Bethany W Pope reviews ‘Little Metropolis’ by Adam Horovitz and Josef Reeve


Every town begins in the imagination. Every town is a continuous, sustained act of belief which exists as an entity because, collectively, we all agree that it is so. A group of people settle someplace, probably near water. They build their houses, stake their farms. Merchants come, after a while, to service them. Then come priests, then the lawyers, then bookshops, cafes, record-stores. And then, inevitably, as the old imaginations pass into the earth and new ones arise and swivel their focus off to newer, brighter loci, the town begins to fade. Towns are physical things, built by brains and calluses. Even the smallest town is layered and complex because it is the product of more than one mind. You can’t drop in on a train, spend a day wandering around the centre, and expect to know the place intimately. You have to inhabit it, become part of it. You have to add your own layer of paint, build your own wall, and watch the things you’ve added interact with all the others that arose before it. It takes a lifetime to really know a town, and it would take an ambitious imagination to attempt to distil the essence of centuries down into an hour’s worth of poetry, images, and sound so that a stranger could build a model of that town behind the ridge of their skull. Adam Horovitz and Josef Reeve have very ambitious imaginations, and Little Metropolis, their latest project, is an incredible success.


Little Metropolis is a multi-layered, multimedia project composed of local histories, poetry, original music, photography, and a series of charming illustrations that are designed to mimic the effect of existing enmeshed within the fabric of the town. The subject is Stroud, a small market town in Gloucestershire. During the Industrial Revolution it became known for its woollen mills (some of the chimneys still stand) and it remains a bustling centre whose edges are just the slightest bit faded. When you order a copy of this project you receive a beautifully presented pamphlet containing images and poetry, along with a CD composed of those same poems presented against the background of electronic music, local voices, and the cacophony of street-sounds. Taken all at once, the effect is immersive; engulfing. If you do not know what you are getting into, it can be a little much. But soon enough your disorientation passes and the reader is lovingly swept up.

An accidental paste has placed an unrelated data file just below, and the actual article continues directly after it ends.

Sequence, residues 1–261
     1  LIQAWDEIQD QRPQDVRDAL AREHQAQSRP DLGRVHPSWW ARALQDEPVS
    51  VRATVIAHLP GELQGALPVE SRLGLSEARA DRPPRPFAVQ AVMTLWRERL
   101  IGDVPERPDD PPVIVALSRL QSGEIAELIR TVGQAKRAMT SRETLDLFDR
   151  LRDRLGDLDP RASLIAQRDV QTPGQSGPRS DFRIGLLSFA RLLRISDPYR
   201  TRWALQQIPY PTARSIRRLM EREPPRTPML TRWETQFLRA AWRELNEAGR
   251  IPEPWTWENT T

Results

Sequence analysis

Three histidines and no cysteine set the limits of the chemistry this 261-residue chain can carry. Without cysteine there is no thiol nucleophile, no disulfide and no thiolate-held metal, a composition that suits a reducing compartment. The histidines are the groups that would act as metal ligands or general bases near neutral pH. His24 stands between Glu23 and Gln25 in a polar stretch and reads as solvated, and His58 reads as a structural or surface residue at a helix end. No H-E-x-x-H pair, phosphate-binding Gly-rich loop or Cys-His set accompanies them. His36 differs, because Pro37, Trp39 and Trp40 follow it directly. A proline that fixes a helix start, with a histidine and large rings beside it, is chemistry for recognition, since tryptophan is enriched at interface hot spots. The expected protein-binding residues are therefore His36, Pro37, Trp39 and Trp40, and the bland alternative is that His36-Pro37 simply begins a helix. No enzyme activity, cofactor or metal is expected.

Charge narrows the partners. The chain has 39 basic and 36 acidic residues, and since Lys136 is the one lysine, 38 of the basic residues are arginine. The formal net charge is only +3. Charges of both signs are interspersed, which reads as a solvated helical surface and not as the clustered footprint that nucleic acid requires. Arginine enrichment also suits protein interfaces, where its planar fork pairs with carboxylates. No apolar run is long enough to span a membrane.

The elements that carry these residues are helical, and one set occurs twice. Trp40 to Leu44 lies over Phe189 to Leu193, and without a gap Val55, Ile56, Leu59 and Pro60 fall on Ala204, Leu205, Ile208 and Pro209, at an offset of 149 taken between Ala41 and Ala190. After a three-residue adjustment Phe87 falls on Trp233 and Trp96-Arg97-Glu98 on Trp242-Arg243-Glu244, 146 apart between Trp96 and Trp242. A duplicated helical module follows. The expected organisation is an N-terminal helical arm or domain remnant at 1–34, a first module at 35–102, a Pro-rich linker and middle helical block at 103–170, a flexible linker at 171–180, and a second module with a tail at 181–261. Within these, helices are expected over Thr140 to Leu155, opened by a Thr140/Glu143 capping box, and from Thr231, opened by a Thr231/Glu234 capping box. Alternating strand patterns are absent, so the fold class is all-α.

It is difficult for me to effectively review the technicalities of music composition, but I can review its effect. Track nine on the CD is called ‘Ghosts’ and it deals with an odd sort of unsentimental nostalgia. In it, gentle electronica slowly morphs into passionate chaos while stanzas of poetry (focused on the slow erosion of the past) are interspersed with fragments from on-the-street interviews with locals who remember their favourite memories acquired while they were growing up. Music stores feature. So do bookstores and libraries.


The poetry ties it all together. Opening the pamphlet to page 26 you find the poem which the accompanying aural-landscape is based upon:


Ghosts wherever you tread.

Ghosts in the cinema.

In the pubs. Café ghosts. Small town ghosts.

The fallen, the crazed, the angry

and the lost. Ghosts of the dead,

of the missing-living – those friends whose paths

have turned aside from yours,

fizzing in the half-light of shift work

of altered priorities, of babies or of moving

beyond the glistening bubble of the town.


In the pamphlet, this poem is accompanied by a minimalistic line-drawing of a pair of bare feet, moving across a stark, white background, leaving a bright-red trail of blood. On the CD, Horovitz reads with a rhythmic, musical cadence against a background of city-sounds. These effects may seem contradictory; the busy soundscape, the isolated blood, but reality reflects this contradiction. In a town, one can be utterly surrounded by noise, by hustle, by crowds, and still be absolutely isolated, trapped in the white-room of memory.